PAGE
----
George Ivanovitch Gurdjieff, who brought an ancient esoteric teaching to the West, was one of the most important spiritual teachers of the 20th century. The impact of his ideas, teaching methods and powerful personality continue to challenge and fascinate seekers of wisdom more than half a century after his death. His teaching, known as ‘the Work’ - which has come to be called the ‘Fourth Way’ - has greatly influenced spiritual seekers throughout the world.
Assessments of Gurdjieff by students, followers, journalists, critics, scholars and fellow spiritual teachers are bewilderingly diverse, ranging from ‘charlatan’ and ‘black magician’ to ‘extraordinary spiritual master’ and even ‘A Messenger from Above.’
Gurdjieff first emerged as a spiritual teacher in 1908 in Tashkent, Turkestan where he attracted a small circle of pupils. His teaching activity from this initial stage until 1912 is largely shrouded in mystery and cannot be independently verified in any way.
Research by John Bennett and biographer James Moore suggests that this period was essentially experimental, as Gurdjieff tested his ideas and teaching methods on a wide spectrum of personality types. Bennett notes that Gurdjieff in his writings claimed to have contacted an esoteric school based in Central Asia to seek permission before entering a more formal phase of teaching, but he considered the evidence on this point inconclusive: “We have no other evidence that Gurdjieff set up his Institute with the authority or at least the approval of a higher school, but he spoke both in Russia and at the Prieuré of schools in Central Asia with which he was in communication and to whom he sent specially prepared pupils.” (1)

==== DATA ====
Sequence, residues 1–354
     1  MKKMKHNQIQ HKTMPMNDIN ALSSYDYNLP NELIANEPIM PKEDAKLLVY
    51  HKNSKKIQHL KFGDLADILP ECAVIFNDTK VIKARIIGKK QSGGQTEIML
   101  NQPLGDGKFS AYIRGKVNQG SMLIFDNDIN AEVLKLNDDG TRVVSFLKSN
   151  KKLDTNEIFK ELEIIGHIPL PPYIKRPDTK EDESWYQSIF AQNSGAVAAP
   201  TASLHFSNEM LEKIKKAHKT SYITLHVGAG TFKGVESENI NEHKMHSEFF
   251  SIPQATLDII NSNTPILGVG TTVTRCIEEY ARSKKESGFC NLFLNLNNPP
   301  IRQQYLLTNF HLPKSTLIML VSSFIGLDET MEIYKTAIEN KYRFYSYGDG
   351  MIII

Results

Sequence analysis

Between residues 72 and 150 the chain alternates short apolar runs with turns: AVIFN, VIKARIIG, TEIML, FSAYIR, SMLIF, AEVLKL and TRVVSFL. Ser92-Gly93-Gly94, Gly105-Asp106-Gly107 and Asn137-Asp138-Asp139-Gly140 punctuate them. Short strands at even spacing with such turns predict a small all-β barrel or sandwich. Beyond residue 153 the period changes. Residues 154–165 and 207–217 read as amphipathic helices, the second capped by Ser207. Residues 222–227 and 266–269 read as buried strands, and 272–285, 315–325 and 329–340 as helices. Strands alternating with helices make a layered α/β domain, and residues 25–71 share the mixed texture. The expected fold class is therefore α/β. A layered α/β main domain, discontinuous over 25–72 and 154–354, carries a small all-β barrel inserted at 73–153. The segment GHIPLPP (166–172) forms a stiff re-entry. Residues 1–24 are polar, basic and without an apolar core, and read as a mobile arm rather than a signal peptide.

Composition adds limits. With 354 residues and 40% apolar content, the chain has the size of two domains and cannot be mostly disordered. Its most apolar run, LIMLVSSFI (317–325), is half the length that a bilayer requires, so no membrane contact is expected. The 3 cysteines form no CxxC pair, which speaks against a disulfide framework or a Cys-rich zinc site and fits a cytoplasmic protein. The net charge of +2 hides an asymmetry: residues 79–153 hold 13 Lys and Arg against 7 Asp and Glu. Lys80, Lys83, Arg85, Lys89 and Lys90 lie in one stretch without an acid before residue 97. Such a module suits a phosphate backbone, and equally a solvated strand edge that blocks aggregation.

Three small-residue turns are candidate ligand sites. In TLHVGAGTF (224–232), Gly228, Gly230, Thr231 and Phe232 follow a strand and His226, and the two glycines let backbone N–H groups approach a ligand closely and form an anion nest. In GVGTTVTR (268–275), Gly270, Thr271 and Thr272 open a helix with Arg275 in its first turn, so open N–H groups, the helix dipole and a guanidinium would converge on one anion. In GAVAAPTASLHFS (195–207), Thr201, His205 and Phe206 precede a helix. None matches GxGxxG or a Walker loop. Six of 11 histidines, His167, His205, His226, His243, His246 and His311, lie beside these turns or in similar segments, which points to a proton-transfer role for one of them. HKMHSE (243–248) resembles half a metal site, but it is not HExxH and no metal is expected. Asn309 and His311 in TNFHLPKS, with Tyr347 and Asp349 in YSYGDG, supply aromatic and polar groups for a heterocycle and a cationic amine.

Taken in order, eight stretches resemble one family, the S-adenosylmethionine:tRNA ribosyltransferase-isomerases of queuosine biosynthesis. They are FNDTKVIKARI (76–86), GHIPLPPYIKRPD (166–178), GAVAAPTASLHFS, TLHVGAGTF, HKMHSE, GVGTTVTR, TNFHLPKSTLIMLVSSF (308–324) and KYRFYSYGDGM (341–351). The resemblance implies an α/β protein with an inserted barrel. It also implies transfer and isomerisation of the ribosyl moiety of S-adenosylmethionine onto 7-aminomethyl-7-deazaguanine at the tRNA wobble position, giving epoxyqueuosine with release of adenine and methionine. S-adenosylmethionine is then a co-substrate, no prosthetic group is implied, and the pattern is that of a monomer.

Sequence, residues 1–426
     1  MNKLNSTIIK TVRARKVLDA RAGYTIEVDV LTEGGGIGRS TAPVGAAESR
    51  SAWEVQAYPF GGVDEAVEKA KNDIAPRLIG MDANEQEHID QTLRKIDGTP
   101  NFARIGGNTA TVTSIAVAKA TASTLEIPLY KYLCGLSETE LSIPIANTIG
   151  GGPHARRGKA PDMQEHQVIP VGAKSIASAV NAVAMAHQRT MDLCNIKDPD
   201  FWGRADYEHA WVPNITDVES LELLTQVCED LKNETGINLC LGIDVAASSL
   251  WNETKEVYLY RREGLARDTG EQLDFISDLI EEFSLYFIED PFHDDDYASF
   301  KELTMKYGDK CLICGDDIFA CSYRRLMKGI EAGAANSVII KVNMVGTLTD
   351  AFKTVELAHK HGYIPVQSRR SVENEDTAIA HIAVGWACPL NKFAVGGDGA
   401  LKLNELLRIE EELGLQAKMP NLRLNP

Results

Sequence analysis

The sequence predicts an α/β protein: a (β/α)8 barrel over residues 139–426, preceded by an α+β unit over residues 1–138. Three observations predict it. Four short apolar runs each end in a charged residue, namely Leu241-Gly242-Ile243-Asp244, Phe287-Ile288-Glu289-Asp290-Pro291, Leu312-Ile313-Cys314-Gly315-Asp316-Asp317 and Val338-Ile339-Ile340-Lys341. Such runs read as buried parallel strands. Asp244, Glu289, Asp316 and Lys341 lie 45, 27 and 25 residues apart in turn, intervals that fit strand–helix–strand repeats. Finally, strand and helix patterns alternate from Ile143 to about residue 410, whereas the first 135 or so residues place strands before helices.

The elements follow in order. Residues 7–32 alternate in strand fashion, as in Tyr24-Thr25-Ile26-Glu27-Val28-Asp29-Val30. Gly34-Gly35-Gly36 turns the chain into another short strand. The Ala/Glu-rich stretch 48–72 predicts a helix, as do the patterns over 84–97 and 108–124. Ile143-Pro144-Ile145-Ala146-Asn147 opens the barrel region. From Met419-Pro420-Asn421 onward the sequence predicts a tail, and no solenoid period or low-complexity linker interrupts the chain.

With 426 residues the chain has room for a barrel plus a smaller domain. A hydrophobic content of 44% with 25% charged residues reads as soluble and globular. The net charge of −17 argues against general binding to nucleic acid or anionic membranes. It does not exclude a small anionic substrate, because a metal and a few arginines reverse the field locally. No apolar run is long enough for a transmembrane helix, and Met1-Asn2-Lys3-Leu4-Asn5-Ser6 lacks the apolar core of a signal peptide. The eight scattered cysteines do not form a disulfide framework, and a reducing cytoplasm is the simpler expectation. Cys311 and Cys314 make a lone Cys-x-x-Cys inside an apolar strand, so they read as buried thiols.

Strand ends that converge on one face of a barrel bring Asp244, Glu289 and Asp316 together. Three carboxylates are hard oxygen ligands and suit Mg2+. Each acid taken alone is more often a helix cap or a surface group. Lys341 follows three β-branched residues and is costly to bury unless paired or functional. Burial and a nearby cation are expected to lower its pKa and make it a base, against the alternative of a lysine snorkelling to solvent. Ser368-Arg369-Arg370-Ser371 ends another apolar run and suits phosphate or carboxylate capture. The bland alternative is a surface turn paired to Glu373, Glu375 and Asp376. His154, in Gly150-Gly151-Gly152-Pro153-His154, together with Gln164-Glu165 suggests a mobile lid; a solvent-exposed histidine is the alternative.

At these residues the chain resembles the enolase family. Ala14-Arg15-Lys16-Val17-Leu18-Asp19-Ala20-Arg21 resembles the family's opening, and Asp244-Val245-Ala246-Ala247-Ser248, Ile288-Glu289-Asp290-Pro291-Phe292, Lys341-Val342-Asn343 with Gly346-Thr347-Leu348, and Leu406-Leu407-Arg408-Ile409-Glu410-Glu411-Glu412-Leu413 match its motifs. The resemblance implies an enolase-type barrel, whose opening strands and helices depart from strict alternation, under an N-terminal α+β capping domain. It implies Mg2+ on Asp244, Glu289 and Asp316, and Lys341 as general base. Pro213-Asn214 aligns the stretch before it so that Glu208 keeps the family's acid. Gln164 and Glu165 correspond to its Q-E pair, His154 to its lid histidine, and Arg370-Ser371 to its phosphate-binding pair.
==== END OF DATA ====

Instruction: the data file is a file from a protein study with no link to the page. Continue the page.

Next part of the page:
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The system of knowledge that Gurdjieff taught has a psychological side and a cosmological side, which form twin halves of a comprehensive whole. Study of the psychological ideas is helpful in understanding the cosmological concepts, and vice versa.
To a certain extent, a thorough grounding in Gurdjieff’s basic psychological ideas is a prerequisite to approaching his complex cosmology. Gurdjieff generally introduced his students to the psychological ideas and the need for personal self-study first, before he dealt with the cosmological principles. Many students of the Work have reported that they found the psychological component easier to understand than the cosmological.
The source of Gurdjieff's teachings has never been conclusively established by either scholars or students of Gurdjieff. However, some have speculated that he contacted and learned from esoteric schools that were custodians of ancient spiritual teachings on the evolution of humanity.
Gurdjieff spoke in general terms about esoteric schools directed by a circle of evolved human beings who have guided the spiritual development of humanity throughout history:
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From the beginning of Gurdjieff’s teaching mission in the West, a number of questions have fueled an ongoing debate about the source of his teachings and practices. Where did he learn his powerful system of psychological and cosmological ideas? What particular spiritual teachings form the foundation of his work? Which teachers inspired and influenced his development?
When asked these questions directly, Gurdjieff seemed reluctant to provide any information of substance, typically answering evasively or in generalities. On one occasion when esotericist Boris Mouravieff asked him about the source of his teaching, he replied: “Maybe I stole it.” (1)